In this article we consider scholarship on campaign negativity, addressing both arguments that criticize its use and those that underscore its usefulness. We do so by considering the key questions scholars have asked about the relationship between campaign negativity and American politics:
What is a negative advertisement?
What do ordinary Americans think of negativity?
Do negative advertisements affect voter turnout?
Do negative advertisements change minds?
Does the sponsor of the negative advertisement matter?
Why and when do candidates turn to negativity?
Is negativity different when it is on the Internet?
We conclude with a discussion of the existing research on campaign negativity by turning to the remaining questions and explore avenues for future work.
What Is a Negative Advertisement?
When scholars discuss “negativity” or “negative campaigning,” they are typically referring to negative advertising. Although it is possible for candidates to rely on negative campaigning in their speeches, interviews, and websites (e.g., Druckman, Martin, Kifer, & Parkin, 2010), much of the existing empirical work on negativity focuses on televised advertising. In turn, research on negative advertising has pointed to multiple ways of defining the concept. One of the broadest definitions of negativity comes from Geer (2006), who defines negativity as “any criticism leveled by one candidate against another during a campaign” (p. 23). In contrast, a positive ad is one that “states why a candidate is worthy of your vote” (p. 23). As Geer (2006) argues, this definition leaves no “grey area”—an ad either has a criticism and is negative, or has no criticisms and is positive. What makes Geer’s definition particularly broad is that it does not distinguish between the substantive content of advertisements: under this definition both an advertisement that critiques an opponent’s voting record and one that critique’s the opponent’s personal life would be coded as equivalently negative.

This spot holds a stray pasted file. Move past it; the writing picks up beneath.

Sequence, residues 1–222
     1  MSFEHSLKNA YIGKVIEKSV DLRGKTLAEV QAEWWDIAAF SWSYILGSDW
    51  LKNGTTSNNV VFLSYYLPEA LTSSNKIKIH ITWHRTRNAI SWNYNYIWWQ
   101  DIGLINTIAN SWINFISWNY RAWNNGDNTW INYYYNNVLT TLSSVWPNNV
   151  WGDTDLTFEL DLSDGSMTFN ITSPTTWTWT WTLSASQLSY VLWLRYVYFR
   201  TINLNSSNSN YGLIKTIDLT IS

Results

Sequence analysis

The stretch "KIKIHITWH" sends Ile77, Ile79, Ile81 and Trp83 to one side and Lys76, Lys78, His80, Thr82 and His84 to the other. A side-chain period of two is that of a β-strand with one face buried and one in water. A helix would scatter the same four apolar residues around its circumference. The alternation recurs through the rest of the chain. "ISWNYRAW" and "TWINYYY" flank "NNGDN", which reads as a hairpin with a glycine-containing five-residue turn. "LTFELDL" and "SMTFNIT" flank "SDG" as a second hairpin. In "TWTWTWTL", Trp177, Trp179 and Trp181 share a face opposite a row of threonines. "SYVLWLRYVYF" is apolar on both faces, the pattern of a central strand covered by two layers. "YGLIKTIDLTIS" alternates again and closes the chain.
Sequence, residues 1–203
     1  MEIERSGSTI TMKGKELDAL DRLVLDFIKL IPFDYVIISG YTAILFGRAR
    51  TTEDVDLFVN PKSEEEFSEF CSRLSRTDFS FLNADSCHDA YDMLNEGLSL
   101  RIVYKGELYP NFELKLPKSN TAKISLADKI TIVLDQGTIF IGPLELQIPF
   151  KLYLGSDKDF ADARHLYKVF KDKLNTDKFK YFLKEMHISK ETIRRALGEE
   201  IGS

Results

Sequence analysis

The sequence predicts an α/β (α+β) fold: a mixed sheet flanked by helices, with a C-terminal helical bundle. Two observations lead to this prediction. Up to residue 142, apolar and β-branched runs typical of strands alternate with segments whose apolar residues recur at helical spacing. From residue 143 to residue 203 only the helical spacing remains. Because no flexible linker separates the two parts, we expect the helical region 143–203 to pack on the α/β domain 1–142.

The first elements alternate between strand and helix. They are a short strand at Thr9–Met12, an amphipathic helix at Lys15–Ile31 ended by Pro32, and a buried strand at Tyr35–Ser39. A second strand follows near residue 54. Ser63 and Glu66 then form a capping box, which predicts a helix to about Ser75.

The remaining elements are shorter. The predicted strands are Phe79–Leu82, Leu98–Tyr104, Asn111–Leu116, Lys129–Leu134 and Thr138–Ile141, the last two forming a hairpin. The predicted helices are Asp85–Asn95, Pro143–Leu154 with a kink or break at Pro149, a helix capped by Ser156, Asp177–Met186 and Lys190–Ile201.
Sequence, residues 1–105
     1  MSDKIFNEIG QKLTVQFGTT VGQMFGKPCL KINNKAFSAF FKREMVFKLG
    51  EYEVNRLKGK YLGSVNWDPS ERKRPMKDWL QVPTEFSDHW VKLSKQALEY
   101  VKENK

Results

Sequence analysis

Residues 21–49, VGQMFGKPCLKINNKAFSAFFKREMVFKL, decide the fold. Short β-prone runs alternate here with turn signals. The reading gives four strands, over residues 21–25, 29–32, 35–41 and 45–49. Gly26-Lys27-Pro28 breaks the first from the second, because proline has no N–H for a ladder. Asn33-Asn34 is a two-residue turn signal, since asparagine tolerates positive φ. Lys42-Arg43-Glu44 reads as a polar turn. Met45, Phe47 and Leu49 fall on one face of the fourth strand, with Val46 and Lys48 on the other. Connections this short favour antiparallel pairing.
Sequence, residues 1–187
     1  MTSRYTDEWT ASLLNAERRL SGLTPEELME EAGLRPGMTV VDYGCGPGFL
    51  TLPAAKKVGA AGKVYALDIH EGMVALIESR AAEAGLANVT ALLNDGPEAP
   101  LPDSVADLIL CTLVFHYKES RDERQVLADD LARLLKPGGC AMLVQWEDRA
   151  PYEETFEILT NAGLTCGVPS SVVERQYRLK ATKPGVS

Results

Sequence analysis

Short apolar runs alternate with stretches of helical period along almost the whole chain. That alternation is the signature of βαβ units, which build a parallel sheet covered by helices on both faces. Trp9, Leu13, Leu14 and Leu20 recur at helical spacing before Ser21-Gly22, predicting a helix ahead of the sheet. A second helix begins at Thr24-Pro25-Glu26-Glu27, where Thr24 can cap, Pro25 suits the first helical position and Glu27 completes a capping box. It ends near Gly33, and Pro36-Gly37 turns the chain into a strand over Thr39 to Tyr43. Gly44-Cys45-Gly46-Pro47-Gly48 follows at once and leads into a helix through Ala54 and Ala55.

Other definitions suggest a middle category between positive and negative advertising. A campaign advertisement, however brief (typically 30–60 seconds), can have more than one appeal. Within the same ad, for example, a candidate could promote his own issue positions and criticize an opponent’s voting record, which means that one advertisement has two different appeals for voter support. Some scholars have defined these types of ads as “contrast” ads because they contain both a criticism of the opposition and praise of one’s own candidacy (Fowler & Ridout, 2012).